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Constitutional Conundrum

Posted on the 16 November 2012 by Warigia @WarigiaBowman

The process of drafting the Egyptian constitution is turning out to be difficult, to say the least. Court cases, threats, and a debate over human rights are common occurrences. Further, a polarizing debate about the role of religion in the new Egyptian state continues to make headlines. One important debate is Islamist representation in the Assembly. Further, observers feel that the conservative language of certain articles may violate the human rights of religious minorities, women and even children. Liberal and secular groups are protesting the recent draft.
Human Rights Watch argues that the draft of the constitution provides basic political and economic rights, yet it falls short on women's and children's rights, freedom of religion, as well as torture. HRW believes that several provisions of the September 27th draft are at odds with international human rights standards. HRW tells Egypt to fix draft constitution (October 8, 2012)
Nathan Brown, a law professor at George Washington University, notes that the Egyptian constitution is not a secular document, rather it puts Islam at the front and center. Most of the 100 members of the Constitutional Assembly are Islamists, however, but Brown argues that they are trying to defer some major issues to get national buy in. Sharia law governing marriage, divorce and inheritance--which gives men and women very different rights-- will continue, although it has some language supporting the status of women at the beginning. In the long run, he notes, those provisions may come into conflict.  Brown states that "[l]iberals, secularists, Islamists, leftists, people from all across the political spectrum are having to hammer out an agreement, and they're not used to having to do that," yet he is hopeful that they will make it work. Looking to Rebuild, Egypt Leans on New Constitution (October 21, 2012)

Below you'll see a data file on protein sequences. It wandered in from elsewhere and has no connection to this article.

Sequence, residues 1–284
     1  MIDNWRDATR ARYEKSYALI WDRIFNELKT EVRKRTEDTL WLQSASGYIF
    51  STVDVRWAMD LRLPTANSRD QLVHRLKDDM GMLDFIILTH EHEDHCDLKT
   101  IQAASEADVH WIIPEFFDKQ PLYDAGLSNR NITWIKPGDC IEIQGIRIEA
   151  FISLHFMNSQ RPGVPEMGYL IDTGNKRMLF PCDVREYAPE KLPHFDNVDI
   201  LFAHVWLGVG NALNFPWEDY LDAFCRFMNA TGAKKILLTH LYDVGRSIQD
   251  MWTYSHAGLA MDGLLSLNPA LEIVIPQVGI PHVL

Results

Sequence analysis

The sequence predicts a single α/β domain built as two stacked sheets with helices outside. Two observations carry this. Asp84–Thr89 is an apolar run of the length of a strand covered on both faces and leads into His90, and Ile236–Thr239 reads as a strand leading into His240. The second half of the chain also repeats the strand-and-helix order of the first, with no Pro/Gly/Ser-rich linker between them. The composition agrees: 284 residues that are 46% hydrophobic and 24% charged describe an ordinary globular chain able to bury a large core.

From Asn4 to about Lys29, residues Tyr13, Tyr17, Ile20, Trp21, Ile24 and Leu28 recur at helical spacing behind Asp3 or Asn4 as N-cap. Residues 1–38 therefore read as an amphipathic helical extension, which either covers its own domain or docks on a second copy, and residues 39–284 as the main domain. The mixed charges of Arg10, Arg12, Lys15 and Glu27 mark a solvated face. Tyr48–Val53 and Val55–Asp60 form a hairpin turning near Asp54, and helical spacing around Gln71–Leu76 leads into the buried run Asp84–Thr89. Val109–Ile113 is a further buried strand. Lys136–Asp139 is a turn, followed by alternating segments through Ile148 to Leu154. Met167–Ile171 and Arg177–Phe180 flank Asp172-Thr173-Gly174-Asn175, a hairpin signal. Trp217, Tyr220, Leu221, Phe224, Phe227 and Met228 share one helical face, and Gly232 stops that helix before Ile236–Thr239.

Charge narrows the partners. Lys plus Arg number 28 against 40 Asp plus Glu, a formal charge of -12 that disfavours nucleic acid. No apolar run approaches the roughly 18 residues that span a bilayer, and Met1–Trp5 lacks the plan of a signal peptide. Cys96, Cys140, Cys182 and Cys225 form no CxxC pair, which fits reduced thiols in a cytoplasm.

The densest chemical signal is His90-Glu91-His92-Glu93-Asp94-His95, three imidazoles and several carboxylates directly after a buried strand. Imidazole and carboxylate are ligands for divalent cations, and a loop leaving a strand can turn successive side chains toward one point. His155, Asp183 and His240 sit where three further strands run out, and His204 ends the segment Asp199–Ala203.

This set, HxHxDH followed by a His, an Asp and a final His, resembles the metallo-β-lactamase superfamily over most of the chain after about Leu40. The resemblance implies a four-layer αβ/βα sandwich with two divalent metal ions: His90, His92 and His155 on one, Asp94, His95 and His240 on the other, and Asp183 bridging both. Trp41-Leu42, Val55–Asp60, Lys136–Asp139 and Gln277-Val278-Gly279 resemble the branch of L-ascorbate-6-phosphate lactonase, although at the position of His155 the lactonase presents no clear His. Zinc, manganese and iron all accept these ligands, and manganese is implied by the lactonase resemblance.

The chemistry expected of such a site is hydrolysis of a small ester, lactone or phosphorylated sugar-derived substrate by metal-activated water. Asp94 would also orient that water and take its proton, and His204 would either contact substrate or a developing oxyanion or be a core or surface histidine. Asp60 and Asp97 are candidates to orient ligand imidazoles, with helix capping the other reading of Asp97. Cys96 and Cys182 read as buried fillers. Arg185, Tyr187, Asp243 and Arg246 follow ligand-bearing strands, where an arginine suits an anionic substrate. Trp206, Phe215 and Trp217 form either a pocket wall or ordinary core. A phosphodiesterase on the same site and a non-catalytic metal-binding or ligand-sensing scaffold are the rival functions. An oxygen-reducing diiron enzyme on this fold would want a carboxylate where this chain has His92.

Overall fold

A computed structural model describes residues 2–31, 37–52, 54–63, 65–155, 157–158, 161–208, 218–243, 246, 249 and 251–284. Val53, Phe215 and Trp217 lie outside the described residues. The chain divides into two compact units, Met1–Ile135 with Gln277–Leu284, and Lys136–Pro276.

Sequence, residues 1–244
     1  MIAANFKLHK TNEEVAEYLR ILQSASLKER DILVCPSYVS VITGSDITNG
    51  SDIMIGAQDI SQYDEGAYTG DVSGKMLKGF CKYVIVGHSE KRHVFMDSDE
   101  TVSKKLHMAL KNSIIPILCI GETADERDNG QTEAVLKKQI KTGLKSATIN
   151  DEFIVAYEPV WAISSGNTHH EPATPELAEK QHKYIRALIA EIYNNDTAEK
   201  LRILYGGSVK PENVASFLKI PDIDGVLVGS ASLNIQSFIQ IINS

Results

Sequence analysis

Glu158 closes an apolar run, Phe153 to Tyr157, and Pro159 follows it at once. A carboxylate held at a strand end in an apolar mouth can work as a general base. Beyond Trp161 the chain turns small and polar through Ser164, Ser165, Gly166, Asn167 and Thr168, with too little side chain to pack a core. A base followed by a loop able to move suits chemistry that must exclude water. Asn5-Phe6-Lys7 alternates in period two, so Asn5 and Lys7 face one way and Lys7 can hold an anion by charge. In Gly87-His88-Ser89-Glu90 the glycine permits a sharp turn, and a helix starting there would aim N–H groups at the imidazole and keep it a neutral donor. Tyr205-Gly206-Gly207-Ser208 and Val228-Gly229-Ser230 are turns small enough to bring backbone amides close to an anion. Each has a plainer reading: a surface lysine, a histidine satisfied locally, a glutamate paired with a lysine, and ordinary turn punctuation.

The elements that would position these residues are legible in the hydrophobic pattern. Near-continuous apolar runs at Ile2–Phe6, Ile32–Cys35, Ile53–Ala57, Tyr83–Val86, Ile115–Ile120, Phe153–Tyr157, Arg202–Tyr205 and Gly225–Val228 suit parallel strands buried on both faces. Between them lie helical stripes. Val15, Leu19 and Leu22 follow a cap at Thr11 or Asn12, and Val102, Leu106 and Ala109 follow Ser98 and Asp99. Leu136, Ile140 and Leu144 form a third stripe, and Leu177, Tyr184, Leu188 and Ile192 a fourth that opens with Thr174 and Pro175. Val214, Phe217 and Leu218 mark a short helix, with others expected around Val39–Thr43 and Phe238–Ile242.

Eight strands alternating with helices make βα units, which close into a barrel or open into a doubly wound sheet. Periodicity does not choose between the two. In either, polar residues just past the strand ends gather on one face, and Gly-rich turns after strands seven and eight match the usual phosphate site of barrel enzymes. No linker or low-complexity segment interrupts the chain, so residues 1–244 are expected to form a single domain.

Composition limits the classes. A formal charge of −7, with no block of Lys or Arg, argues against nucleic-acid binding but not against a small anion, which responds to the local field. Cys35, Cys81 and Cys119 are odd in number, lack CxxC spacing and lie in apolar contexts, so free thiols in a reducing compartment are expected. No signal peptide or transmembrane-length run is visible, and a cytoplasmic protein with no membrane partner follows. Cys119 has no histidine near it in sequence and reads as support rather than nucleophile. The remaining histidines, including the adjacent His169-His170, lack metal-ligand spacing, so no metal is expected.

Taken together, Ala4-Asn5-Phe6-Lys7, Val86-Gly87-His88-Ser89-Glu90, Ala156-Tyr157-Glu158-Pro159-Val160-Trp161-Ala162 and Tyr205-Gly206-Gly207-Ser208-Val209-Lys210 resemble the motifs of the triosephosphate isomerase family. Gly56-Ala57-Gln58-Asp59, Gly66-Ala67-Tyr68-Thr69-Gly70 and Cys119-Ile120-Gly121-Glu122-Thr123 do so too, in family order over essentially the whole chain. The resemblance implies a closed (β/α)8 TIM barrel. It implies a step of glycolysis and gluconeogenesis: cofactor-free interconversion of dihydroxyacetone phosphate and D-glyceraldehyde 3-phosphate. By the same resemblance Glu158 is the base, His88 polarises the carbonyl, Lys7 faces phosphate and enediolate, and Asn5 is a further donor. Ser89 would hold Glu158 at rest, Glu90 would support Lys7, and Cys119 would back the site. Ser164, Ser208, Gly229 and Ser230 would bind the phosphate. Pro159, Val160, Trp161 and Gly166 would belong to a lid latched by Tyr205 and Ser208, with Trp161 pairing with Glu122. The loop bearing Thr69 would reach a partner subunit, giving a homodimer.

Meanwhile, President Morsy has threatened to form a new Constituent Assembly if this one does not complete its work within six months. He also accused members of the former Mubarak government of sowing dissent in the country. Morsy puts pressure on Constituent Assembly (October 28, 2012)
The New York Times suggests that the new Constitution will insert religion more deeply into Egypt's judicial and legislative processes. Yet, the document firmly seats power in the hands of Egypt's elected officials and civil courts, so their is little likelihood that the country will become a theocracy as is the case with Iran. Liberal delegates believe that the guidelines are vague enough to give the nation flexibility with regard to interpretation in crafting the future Egyptian state. Egypt is the first Arab state to attempt to meld Sharia with principles of democracy. Tunisia is using a more liberal constitutional approach.A Vague Role for Religion in Egyptian Constitution (November 9, 2012)
Constitutional Conundrum Meanwhile, the Washington Post reports that Morsy remains firm in his support for Hamas, as he attempts to negotiate the delicate space between supporting the Palestinians, and honoring his treaty obligations with Israel. Thousands of Egyptians rallied in squares and mosques to condemn Israel's air strikes on the Gaza Strip, and to urge the Egyptian state to support the Palestinians. The post reports that Morsy has taken the lead among Arab leaders in confronting Israel. Egyptians Rally in Support of Palestinians in the Gaza Conflict (November 16, 2012)

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